Who knows what happens if the Dutchmen spend Friday sprawled out in an airport instead of sprawled out in a hotel room before taking a post-dinner trip to a mall? Maybe Jenkins doesn’t overcome a tough shooting day (7-of-18, the second time in three games he’s shot below 40 percent after shooting less than 40 percent just twice in the Dutchmen’s first 16 games) to once again fill up a boxscore once again in leading the Dutchmen with 22 points, eight assists and four steals as well as pulling down six rebounds. The assists and rebounds matched his season highs against Division I competition.

OK, Jenkins probably would have done that anyway. But maybe Greg Washington fails to overcome early foul trouble (two by the first media timeout) and misses one or two of his field goal attempts, instead of hitting all six—the first time in his career he’s taken as many as three shots without a miss and the second perfect shooting performance by a Hofstra big man this month (David Imes was 8-for-8 against Drexel Jan. 3)—and giving the Dutchmen that ever-valuable third player in double figures. The Dutchmen, who also got 13 points from Mike Moore, are 11-1 when at least three players reach 10 points and 5-0 when Washington scores at least 10.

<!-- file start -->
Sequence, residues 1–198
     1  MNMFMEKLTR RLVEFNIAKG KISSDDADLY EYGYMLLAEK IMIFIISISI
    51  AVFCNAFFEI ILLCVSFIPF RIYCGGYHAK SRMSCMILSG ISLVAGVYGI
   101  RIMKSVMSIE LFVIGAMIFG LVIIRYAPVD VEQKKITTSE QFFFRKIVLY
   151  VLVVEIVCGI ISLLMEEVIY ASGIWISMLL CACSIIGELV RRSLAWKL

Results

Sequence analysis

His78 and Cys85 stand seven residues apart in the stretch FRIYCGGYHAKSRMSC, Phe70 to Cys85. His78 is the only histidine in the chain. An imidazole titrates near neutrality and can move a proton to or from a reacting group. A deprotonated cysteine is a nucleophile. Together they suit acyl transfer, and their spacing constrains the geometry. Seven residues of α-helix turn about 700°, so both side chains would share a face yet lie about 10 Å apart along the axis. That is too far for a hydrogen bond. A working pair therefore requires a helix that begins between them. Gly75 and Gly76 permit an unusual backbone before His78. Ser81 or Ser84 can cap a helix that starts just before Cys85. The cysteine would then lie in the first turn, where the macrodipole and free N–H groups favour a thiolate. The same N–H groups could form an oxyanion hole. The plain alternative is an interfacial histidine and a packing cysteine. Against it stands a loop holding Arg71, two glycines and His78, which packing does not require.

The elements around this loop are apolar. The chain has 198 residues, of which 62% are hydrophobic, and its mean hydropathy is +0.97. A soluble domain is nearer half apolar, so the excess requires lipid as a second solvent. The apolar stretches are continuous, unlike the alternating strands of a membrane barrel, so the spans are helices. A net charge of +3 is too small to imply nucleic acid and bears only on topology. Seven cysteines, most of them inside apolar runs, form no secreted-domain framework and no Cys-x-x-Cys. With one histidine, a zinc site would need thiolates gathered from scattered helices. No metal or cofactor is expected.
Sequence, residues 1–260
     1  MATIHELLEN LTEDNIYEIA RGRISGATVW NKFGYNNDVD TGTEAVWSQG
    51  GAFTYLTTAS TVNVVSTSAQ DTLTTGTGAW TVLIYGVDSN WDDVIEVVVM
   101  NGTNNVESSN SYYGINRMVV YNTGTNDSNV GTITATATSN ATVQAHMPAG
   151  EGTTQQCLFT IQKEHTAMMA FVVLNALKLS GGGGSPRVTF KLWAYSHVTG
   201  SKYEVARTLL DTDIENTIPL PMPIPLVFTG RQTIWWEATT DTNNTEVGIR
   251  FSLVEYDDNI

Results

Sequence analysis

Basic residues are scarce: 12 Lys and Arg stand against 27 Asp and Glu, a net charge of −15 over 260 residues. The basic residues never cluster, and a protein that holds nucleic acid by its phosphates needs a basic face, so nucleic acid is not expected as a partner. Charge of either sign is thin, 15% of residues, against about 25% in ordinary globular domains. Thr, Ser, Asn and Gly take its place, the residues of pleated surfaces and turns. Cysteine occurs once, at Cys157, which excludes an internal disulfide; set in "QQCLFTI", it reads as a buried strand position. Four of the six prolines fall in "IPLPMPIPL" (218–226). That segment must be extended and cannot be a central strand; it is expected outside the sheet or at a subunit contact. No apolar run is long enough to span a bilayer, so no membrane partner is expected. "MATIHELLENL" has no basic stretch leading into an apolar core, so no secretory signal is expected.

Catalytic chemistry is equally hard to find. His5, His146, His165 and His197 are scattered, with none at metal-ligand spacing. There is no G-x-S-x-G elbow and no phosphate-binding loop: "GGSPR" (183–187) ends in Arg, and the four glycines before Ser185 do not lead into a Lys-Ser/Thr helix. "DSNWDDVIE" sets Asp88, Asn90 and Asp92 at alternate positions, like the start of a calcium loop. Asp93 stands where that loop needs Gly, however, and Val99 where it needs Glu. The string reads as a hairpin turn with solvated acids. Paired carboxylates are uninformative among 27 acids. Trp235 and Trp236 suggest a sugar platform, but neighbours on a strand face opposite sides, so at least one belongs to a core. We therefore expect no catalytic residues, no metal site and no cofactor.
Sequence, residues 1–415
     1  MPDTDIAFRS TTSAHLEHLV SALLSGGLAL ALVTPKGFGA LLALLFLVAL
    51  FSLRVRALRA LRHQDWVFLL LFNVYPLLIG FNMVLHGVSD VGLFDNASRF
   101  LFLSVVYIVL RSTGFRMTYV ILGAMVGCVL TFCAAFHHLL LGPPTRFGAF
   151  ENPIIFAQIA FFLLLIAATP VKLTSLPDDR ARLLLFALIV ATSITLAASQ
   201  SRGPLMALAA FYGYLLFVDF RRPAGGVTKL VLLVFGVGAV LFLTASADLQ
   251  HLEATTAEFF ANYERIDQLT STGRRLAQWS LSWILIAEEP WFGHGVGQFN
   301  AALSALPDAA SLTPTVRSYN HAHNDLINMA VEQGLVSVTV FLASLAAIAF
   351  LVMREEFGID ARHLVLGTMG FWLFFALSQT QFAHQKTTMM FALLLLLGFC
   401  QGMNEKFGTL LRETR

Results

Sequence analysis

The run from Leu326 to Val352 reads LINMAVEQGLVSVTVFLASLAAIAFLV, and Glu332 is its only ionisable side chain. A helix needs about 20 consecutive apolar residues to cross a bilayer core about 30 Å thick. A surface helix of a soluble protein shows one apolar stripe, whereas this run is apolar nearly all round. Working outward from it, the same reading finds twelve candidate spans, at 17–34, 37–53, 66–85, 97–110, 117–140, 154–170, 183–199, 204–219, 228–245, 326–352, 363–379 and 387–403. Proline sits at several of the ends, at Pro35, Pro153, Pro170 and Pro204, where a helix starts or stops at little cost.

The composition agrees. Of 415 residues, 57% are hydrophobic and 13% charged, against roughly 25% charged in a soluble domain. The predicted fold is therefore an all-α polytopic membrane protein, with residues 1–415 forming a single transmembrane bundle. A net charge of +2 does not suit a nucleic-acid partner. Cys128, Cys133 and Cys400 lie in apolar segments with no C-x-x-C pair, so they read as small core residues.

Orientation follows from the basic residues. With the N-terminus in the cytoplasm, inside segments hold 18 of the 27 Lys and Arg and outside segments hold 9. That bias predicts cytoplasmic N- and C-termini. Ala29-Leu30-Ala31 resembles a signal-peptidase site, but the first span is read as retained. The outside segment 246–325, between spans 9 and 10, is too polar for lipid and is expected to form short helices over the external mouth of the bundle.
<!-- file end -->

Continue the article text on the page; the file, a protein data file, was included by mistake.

Washington also had nine rebounds, one shy of his season high. “I thought the second half was as well as he’s played all year,” Cassara said. “He made some big plays, obviously, offensively, but I think more importantly he was just such a presence on defense. He moved and he had a difficult assignment running around guarding a lot of different guys and he bailed a lot of guys out on the back line there. Even though he didn’t block shots, he changed shots.”

Maybe, without a full day of rest, Washington and the Dutchmen aren’t able to withstand going scoreless from the field in the last 4:21 and maybe they don’t survive two attempts by William & Mary to take the lead in the final 40 seconds, during which the Fighting Bill Lawrences missed a shot and were whistled for a travel, to close out a true CAA grinder in which they never led by more than six points.

“I thought our defense was as good as it’s been all year the last couple possessions,” Cassara said. “They run a lot of the Princeton style offense. We hedged out, we really, really played aggressive man-to-man defense and from one through five, all our guys did a terrific job, really led by Greg Washington.”